14. Satyajay Mandal says:

    I would like you to update this site very soon

  15. Andrew says:

    I have an amazing script that’s like Tarantino. Would love to share it with you if your interested?.
    Will you please drop me an e-mail?

    1. Script Reader Pro says:

      You can purchase one of our script coverage services but we’re not a production company looking to produce scripts.

  16. Tony Trusell says:

    I have completed a super nice screenplay script.
    I have no compass or set the direction for publishing but I’m in the hunt.

  17. Tony Trusell says:

    I have completed a super nice screenplay script. i

    I have no compass or set direction for publishing but im in the hunt.

  18. Peter Mburu says:

    I am reading this in Kenya and I am ready to fly!

  19. Peter Mburu says:

    I am reading this in Kenya and I am so convinced I will bring “Hollywood” shooting home if I keep your advise alive!
    Thanks for your great tips.

  20. The Raven says:

    Be positive to keep writing no matter what. That is my advice.

    1. Script Reader Pro says:

      Thanks, Raven!

  21. Duane Kinnnard says:

    When sending a treatment do you send it as an attachment, or copy paste

    1. Script Reader Pro says:

      It’s always best to ask for a submissions policy first.

  22. Mapfaka Norman says:

    Difference between Action Comedy Drama Horror and Thriller movie scripts please.

  23. Ferdinand says:

    You made a number of fine points about screenplay submissions but missed one important fact: no one is going to read your script unless you have an agent.

    1. Script Reader Pro says:

      Thanks for the comment, Ferdinand but that’s not exactly true. You can most definitely get your script read without an agent.

  24. Jesse Gibson says:

    Does this work for pitching television series pilots as well?

  25. Tammy says:

    Without doubt the best screenwriting site I’ve seen. Thanks for providing us aspiring writers with a vision of what could be!

    1. Script Reader Pro says:

      You’re welcome, Tammy. Best of luck to you.

  26. Billy Fourie says:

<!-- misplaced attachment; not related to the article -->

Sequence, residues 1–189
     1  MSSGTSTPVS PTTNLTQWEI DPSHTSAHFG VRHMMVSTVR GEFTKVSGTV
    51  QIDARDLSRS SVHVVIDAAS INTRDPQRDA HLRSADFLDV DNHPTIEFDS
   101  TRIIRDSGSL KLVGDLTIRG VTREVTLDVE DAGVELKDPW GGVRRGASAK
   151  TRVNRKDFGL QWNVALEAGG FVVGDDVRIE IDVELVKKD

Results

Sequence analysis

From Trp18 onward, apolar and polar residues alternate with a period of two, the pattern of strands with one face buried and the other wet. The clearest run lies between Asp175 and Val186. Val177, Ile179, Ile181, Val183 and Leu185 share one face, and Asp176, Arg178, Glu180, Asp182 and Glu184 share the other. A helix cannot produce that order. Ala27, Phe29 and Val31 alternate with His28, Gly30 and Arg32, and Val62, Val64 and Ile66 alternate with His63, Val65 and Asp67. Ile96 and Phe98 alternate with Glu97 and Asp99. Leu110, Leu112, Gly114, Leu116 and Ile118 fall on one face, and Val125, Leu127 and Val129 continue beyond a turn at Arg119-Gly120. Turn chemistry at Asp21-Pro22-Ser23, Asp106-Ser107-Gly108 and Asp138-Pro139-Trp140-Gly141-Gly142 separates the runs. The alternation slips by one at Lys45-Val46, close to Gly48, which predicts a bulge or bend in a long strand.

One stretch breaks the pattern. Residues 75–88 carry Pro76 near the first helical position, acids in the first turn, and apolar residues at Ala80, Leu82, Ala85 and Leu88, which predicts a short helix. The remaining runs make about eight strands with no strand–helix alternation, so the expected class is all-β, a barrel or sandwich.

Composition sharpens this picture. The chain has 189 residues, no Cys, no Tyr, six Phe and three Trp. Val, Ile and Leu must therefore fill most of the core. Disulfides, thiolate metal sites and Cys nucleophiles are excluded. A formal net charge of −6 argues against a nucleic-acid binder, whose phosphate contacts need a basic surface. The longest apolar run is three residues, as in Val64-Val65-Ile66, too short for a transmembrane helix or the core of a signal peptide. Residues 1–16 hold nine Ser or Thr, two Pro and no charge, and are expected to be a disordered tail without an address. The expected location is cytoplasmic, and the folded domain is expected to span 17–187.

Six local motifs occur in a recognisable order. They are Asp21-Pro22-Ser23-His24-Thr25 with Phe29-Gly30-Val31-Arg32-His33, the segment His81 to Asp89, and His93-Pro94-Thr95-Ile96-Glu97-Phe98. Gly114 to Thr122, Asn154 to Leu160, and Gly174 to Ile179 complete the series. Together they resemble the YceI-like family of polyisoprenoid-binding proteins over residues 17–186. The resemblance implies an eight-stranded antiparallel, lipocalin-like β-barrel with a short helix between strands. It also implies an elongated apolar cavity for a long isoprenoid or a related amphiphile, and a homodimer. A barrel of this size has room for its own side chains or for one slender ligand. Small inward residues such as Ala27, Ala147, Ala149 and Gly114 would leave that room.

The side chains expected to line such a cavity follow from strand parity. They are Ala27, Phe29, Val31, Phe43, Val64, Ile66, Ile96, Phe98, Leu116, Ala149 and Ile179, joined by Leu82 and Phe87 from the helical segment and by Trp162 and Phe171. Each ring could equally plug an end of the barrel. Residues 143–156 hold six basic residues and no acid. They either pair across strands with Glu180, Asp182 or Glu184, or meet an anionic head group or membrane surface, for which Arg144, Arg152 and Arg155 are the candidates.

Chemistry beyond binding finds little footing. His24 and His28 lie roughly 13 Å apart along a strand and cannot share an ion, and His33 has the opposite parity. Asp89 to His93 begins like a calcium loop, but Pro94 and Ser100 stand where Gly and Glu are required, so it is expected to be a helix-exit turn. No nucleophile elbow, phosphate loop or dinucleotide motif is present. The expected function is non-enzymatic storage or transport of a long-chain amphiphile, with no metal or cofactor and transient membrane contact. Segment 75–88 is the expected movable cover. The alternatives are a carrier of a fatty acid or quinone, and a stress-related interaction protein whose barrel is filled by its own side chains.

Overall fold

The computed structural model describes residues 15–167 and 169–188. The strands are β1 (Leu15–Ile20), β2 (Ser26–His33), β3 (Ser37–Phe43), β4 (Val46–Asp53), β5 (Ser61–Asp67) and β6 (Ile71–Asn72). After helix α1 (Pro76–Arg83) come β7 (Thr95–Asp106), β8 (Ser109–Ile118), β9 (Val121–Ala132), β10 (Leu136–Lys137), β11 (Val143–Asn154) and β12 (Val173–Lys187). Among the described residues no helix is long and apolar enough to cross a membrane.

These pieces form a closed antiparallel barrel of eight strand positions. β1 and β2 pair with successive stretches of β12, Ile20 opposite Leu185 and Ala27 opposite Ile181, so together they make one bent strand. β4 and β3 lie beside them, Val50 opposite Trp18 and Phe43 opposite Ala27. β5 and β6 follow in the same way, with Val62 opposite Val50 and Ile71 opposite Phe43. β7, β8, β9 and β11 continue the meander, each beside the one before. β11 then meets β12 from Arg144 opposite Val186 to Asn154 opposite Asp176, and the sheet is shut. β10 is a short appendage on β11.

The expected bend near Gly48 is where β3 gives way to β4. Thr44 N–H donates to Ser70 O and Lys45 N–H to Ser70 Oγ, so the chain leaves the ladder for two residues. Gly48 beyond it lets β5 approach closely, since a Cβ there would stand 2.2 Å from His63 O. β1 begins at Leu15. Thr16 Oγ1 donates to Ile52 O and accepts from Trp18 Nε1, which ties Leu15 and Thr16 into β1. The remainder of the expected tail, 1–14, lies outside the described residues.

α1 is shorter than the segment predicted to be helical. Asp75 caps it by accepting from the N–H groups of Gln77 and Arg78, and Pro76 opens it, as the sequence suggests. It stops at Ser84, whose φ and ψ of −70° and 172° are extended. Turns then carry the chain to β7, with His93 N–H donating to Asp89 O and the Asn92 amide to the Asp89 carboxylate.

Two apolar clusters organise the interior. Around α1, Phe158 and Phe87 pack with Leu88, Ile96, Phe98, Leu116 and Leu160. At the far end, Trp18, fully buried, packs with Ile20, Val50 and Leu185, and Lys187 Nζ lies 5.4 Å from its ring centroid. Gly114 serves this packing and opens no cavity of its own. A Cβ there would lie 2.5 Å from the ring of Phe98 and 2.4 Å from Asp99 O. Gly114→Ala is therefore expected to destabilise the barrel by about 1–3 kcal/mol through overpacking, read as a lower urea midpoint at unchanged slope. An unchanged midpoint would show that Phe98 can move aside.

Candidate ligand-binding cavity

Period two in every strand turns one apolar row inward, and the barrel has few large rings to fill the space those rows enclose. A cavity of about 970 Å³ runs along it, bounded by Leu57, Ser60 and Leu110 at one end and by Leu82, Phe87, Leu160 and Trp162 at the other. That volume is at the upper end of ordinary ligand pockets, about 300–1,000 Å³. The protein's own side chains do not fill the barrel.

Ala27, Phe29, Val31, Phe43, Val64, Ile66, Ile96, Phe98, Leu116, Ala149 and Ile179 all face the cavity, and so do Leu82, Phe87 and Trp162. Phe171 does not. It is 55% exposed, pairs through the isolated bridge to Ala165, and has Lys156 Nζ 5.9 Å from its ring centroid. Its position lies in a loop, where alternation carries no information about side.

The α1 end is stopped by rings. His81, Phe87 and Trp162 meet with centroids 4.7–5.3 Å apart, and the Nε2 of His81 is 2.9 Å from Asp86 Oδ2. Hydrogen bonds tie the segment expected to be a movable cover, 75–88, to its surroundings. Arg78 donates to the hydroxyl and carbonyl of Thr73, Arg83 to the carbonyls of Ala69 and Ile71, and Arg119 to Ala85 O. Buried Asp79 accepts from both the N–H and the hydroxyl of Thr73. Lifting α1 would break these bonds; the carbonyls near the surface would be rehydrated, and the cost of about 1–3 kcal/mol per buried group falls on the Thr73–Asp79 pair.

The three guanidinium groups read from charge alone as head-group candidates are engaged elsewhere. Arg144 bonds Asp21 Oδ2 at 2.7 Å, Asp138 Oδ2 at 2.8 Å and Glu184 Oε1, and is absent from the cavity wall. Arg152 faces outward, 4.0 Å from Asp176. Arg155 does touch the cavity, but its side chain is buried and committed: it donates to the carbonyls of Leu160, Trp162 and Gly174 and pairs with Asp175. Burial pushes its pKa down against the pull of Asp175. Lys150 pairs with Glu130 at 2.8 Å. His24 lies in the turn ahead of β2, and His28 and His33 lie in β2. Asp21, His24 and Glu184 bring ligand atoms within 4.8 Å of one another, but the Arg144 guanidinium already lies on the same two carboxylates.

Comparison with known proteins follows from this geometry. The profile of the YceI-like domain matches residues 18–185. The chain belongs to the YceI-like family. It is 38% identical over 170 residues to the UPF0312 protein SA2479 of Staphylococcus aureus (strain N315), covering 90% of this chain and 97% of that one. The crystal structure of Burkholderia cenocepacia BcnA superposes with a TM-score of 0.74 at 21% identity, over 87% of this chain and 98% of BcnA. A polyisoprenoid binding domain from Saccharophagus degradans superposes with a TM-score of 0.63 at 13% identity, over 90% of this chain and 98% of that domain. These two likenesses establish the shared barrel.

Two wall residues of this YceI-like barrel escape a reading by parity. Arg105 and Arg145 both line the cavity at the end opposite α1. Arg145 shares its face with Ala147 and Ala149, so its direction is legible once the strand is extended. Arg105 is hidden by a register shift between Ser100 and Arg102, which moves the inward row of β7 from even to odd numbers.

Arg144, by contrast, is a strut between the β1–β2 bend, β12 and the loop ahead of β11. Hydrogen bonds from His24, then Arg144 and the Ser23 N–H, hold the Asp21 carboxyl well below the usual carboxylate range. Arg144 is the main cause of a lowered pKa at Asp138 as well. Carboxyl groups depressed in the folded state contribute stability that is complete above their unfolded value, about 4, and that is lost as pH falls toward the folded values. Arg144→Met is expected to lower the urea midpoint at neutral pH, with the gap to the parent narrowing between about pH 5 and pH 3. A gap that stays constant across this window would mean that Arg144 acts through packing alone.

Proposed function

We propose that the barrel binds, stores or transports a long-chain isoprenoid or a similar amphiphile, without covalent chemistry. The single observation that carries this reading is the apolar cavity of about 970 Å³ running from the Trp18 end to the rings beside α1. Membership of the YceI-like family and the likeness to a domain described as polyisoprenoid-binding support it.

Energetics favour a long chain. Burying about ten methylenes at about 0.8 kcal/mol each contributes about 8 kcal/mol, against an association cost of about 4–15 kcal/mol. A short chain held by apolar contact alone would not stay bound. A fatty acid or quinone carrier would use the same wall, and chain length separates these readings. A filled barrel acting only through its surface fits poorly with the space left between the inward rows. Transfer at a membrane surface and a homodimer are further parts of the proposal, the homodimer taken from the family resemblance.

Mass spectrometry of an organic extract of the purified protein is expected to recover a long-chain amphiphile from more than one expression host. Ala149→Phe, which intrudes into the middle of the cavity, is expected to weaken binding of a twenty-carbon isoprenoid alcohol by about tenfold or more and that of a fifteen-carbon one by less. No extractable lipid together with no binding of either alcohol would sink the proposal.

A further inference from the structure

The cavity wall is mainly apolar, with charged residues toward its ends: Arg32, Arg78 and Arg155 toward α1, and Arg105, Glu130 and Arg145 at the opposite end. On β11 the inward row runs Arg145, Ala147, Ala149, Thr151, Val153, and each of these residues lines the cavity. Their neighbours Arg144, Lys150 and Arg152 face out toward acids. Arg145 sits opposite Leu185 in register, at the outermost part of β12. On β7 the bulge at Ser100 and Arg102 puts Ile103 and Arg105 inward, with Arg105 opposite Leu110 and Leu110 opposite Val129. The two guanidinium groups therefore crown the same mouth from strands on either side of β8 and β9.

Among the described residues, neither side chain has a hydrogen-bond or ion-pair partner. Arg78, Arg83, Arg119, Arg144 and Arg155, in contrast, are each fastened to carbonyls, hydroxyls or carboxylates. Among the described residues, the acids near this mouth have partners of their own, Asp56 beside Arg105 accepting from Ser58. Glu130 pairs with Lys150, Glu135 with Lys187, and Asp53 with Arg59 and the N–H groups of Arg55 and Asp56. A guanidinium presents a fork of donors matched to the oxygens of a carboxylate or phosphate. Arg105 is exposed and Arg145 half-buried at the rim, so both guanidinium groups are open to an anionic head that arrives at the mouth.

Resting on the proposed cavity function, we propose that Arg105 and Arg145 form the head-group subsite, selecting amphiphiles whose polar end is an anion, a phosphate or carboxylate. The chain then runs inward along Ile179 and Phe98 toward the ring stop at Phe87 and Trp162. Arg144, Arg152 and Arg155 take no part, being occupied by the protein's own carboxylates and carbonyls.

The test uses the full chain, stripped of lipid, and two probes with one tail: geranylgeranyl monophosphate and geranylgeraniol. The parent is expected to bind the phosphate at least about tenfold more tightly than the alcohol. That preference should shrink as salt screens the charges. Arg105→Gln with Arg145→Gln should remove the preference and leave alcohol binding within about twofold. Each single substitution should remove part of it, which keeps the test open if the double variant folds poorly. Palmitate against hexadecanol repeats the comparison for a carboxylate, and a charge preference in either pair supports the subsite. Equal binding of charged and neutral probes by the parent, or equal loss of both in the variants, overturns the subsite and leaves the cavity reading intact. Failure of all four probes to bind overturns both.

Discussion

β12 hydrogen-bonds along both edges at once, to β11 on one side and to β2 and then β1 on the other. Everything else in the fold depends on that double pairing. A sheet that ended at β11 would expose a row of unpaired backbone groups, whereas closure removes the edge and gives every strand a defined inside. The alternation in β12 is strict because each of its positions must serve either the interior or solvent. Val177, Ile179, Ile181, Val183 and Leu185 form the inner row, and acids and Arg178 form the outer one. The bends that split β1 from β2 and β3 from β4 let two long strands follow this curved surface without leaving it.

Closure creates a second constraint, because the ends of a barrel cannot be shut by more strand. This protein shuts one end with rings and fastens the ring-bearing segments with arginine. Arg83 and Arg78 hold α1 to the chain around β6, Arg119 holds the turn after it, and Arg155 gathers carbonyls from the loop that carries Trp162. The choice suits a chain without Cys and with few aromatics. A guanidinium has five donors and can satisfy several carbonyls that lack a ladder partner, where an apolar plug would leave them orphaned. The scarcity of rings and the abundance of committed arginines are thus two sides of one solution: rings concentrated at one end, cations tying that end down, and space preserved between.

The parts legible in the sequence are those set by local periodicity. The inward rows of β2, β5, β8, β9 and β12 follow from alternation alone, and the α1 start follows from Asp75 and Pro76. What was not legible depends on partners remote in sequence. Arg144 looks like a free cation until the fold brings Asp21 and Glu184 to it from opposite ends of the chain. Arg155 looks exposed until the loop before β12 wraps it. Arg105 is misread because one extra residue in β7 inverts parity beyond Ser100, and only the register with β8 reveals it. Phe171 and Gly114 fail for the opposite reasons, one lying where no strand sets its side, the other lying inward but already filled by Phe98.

Thanks for the information. It certianly makes so much sense. Had 3 requestes for my script and ………. well its been a while so PATIENCE is key I realise from your post. I’m not the screenplay writer, but its my life story so I have to do all the work to get it read and produced. This is something I enjoy doing though, once again thanks for the information.

    1. Script Reader Pro says:

      Thanks for the comment, Billy, and good luck with the script.

  27. Charles Frankhauser says:

    Thanks – good advice. I appreciate the complexities so went a different route. Adapted Amazon novel, Atlantic City Nazi, to feature-length treatment & script and published it on Amazon under title, RC and RUBY Screenplay. People enjoy reading script, I own rights, and that’s enough for me. Best regards, Charles

    1. Script Reader Pro says:

      Thanks for the comment Charles, and best of luck with your script.

      1. PIERRE RONALD says:

        I have great scripts to make good movies, l wanted to sell them for a few dollars to make a living out of it.
        Titles: Confronted. Berto&Carrie. Wrongful Death. Situate Parties. Just For A Ride. I have a lot genres: such as action, drama, comedy, thriller. You can reach me at 718-576-4582. 917-965-8657

  28. Amir says:

    I’m a writer from Middle East and I want to pitch my screenplay to Holy wood producers but my only way is online submitting sites. could you help me and give me a list of free submitting sites? (dollar is very expencive in my country and I can’t afford monthly payments of the sites)
    thanks (:

    1. Script Reader Pro says:

      Hi Amir – check out this post:

  29. Jack Brewer says:

    Great post thanks for this Script reader pro.

  30. Dave S says:

    Enjoyable read. Great insights. Glad you mentioned Stage 32. I met a manager on there and he was kind enough to read my work and give me notes. The relationship built from there and now he’s my manager. I’m also working with a producer I met there on a short I wrote.

    1. Thanks Dave. Yep, Stage32 can be really useful for making connections — sounds like you’re onto a winner 🙂

  31. Sarah Gabrielle Baron says:

    Gee, I thought I could just float around in the nebula of obscurity and wait for the Universe to bring producers to me…. No, I’m still on Step 1 of the process. When will my babies be ready!?! Ah well. It’s not as painful as childbirth, just takes longer, and is easier to ignore when they don’t do what you want.

    1. Keep at it Sarah! They’ll be ready soon enough 🙂